Gov. Andrew Cuomo and New York City Mayor Bill de Blasio spoke at dueling rallies on education at the state Capitol, highlighting the two politicians’ differences over education issues.
A rally to promote de Blasio’s plan for universal pre-K had been planned for weeks. The mayor spoke to around 1,500 union members, urging them to put pressure on lawmakers to approve in the state budget the mayor’s plan to provide classes for thousands of four-year-olds starting in September.
“This is the year we’re going to convince Albany no more waiting, no more delays, no more watering down,” de Blasio said. “When we need this for our children now.”
De Blasio is seeking permission from Cuomo and the legislature to raise income taxes on the rich to pay for universal pre-K, but so far Cuomo has said he wants the state to fund it instead, in a five year phase-in plan.
Cuomo was not at the pre-K rally. Instead, he was the featured speaker at a more recently planned, and bigger event just two blocks away, in front of the state Capitol.
“I don’t feel cold, I feel hot!” Cuomo shouted to cheers. “I feel fired up!”
Several thousand charter school students and their teachers protested de Blasio’s plan to bar some charter schools from rent-free space in New York City public schools.
Cuomo, highlighting another difference in policy approach between the governor and the mayor, assured the crowd that he would help the schools.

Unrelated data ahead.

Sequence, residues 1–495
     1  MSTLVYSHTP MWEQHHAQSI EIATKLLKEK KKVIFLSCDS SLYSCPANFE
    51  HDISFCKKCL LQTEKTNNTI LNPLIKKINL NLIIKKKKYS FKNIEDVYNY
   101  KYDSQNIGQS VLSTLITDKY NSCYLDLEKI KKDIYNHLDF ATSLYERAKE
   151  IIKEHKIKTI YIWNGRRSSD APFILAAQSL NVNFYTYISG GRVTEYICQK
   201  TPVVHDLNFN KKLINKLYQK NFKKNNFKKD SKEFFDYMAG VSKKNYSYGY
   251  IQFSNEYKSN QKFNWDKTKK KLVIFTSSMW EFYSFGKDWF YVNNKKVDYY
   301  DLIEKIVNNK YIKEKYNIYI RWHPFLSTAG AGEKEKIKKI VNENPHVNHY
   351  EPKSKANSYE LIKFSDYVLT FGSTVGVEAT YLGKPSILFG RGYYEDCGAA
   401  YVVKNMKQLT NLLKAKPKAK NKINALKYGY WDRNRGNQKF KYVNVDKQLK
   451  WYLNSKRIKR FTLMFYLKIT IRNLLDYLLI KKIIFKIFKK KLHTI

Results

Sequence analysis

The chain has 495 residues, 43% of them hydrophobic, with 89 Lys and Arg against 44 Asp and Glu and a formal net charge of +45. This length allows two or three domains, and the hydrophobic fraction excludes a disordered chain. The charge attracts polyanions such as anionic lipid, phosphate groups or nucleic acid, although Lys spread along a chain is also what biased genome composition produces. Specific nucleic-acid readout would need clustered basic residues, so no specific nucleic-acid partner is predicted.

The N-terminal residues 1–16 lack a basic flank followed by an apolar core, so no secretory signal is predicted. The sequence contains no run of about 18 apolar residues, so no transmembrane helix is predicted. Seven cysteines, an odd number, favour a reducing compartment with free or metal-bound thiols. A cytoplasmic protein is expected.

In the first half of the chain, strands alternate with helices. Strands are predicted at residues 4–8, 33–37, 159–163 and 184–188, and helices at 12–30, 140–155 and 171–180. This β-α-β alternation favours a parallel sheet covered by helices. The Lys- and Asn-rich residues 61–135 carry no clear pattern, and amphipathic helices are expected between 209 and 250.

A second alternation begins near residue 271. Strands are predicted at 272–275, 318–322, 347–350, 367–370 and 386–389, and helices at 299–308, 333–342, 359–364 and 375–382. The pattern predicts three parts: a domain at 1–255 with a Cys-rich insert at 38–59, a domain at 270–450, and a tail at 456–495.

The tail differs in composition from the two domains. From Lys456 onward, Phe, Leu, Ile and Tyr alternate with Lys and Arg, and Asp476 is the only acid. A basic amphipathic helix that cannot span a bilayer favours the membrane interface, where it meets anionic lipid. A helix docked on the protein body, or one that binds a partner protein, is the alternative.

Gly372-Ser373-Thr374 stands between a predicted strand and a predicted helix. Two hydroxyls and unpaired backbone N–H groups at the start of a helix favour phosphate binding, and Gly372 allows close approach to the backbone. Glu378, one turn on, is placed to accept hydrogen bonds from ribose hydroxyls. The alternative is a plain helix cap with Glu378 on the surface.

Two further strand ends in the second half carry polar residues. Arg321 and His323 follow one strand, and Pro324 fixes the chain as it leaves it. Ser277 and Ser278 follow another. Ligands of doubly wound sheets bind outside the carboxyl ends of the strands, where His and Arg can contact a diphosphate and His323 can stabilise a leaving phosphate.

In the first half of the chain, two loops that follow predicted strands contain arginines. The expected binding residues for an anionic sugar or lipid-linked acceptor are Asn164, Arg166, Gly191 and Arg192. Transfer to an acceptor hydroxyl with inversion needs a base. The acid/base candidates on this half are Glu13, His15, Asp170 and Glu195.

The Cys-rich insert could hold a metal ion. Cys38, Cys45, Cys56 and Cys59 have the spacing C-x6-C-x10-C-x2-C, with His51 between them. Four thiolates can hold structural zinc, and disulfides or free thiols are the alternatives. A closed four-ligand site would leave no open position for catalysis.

“We stand with you, you are not alone,” Cuomo told the students. “We will save charter schools.”
The governor did not mention de Blasio by name in his speech, and de Blasio did not mention Cuomo.
The two later met in a two hour closed door meeting. Afterward, de Blasio characterized it as productive, but offered no details. Cuomo did not speak to reporters.
Republicans, who rule the Senate in a coalition government, have also rejected de Blasio’s plan to tax the rich. Assembly Speaker Sheldon Silver, a Democrat, has been a supporter. But Silver, who also spoke at the universal pre-kindergarten rally, did not specifically commit himself to backing a new tax on the wealthy. He said only that funding needs to be "significant, recurring and sustainable year after year."
But Silver, speaking to reporters before the event, said the mayor’s proposal to tax the rich is definitely still on the table.
The Speaker refused to be drawn into the rivalry between de Blasio and Cuomo, and their competing rallies.
“That’s Albany,” he said. “At its finest.”
Silver says he doesn’t read anything more into it.